And then, well, the classes became harder to get to because of my work schedule, and I couldn’t resist not pushing the poses that I wasn’t supposed to push because of my back so I took up something else. Enter CrossFit. If you have not heard of it, CrossFit is a short but intense workout (45-60) minutes that incorporates a lot of power, strength training, elements of gymnastics, fast-twitch muscle fibers, balance and coordination. It wasn’t a ton of cardio, but what we did was intense and fast. Think push ups, jump rope, deadlifts, overhead presses, box jumps, burpees, sprints with weight, etc….I was sore after Every. Single. Session. It really gave me a boost in my overall strength. I was surprised, however, how much weight some of those ladies could handle, but that many of them could not run a half mile without stopping. There was something to be said for not getting so wrapped up in one activity (for me this was running!) that you lost the benefits that come from crosstraining. Soon though, I could not resist the temptation to push myself on exercises that were not good for my back. I needed to make a change.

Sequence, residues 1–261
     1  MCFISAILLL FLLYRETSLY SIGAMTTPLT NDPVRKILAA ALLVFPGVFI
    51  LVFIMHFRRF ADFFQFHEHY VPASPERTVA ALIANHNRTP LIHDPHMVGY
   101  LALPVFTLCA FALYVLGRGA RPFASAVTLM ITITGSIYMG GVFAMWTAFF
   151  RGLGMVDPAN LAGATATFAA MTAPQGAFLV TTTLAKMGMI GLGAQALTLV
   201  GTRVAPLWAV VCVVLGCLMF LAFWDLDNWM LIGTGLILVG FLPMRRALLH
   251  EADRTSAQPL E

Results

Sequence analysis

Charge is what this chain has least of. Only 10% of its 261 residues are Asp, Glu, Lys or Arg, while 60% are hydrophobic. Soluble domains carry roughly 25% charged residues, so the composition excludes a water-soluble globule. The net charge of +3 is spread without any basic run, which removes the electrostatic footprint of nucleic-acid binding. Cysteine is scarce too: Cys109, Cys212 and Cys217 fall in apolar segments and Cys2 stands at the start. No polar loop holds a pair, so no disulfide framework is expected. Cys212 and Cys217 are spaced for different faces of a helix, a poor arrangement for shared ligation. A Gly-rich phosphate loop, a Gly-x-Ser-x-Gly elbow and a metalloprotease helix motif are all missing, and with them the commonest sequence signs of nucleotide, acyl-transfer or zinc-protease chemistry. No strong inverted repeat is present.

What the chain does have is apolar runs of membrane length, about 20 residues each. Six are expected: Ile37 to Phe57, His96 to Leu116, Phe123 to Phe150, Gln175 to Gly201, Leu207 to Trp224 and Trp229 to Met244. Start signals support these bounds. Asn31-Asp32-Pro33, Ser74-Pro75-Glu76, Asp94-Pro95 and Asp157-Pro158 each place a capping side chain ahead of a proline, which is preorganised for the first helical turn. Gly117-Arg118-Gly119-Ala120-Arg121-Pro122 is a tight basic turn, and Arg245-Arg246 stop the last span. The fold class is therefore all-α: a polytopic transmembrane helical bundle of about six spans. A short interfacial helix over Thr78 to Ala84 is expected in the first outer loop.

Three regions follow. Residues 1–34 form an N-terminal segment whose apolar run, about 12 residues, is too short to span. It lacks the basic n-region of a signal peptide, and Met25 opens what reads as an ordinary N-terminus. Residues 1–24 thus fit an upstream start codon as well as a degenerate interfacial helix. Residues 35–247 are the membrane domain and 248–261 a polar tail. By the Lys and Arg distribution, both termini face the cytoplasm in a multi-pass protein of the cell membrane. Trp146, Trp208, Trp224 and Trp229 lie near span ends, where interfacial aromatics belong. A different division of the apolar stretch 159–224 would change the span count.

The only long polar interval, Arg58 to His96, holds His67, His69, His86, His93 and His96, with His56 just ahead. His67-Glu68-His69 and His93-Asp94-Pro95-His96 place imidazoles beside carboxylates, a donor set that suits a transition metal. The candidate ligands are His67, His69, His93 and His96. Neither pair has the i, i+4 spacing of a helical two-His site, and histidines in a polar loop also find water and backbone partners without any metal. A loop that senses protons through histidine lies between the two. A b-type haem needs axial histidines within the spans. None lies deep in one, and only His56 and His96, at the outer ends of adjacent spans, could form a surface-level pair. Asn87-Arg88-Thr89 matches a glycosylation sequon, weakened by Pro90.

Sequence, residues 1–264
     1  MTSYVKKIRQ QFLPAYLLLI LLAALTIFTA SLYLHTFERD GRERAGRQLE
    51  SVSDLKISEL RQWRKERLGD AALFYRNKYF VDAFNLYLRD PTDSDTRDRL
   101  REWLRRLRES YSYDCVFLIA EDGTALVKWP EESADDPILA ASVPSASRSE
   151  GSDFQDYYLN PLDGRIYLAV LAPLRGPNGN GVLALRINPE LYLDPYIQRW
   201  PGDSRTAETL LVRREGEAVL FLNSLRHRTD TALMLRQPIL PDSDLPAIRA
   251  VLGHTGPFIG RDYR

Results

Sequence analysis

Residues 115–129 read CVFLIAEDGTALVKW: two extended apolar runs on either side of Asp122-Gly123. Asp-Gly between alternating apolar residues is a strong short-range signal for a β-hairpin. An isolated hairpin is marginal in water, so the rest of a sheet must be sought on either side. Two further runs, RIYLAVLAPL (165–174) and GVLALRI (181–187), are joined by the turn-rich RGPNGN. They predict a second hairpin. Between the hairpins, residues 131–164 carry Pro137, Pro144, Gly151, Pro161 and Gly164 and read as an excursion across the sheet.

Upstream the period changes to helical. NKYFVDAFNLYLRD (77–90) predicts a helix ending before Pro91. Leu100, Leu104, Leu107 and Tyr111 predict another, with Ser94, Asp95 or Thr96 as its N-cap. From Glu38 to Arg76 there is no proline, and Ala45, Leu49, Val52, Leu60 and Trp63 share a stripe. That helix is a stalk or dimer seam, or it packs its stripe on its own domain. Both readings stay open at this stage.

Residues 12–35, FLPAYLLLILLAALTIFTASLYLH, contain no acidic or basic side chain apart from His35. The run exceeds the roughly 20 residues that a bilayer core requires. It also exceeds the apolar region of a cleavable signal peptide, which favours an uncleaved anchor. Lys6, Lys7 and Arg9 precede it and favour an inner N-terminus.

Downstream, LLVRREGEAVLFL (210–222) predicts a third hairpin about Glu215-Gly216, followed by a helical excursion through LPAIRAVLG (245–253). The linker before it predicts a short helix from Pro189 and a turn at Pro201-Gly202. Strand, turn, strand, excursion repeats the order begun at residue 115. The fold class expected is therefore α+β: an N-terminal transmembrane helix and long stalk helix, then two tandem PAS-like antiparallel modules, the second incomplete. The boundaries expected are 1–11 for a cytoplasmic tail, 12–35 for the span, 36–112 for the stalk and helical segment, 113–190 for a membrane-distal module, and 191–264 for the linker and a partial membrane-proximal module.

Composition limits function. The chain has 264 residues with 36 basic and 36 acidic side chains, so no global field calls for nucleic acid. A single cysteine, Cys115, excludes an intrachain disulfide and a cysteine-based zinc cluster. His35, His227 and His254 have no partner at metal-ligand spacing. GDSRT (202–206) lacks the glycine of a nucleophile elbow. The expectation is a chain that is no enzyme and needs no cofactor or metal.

I then decided to do something that really scared me. I decided that I could no longer be a 6 day a week runner and I needed a new challenge. So I signed up for a half-ironman distance triathlon in Oceanside next March. Yep, I would be swimming 1.2 miles in the ocean, biking 56, and running 13.1. I’ve never been a swimmer before. I dabbled in it once for about 3 months or  a few years ago, but this was going to require some serious prep. And some extra hair washing and drying… that gets really old (yes, I am a girl). But you know what? Yesterday (after my 15th time or so in the pool), I actually enjoyed it! It started to flow and I felt that Zen feeling that I can sometimes get when I run. Don’t get me wrong, I still have goggle issues, I look really dumb in a swim cap and I am super scared for the beginning of that swim. All the hitting and kicking in the face, the feeling of getting pulled under, the shallow out of control breathing at first, it scares the heck out of me. But I think it will make the completion of it that much sweeter.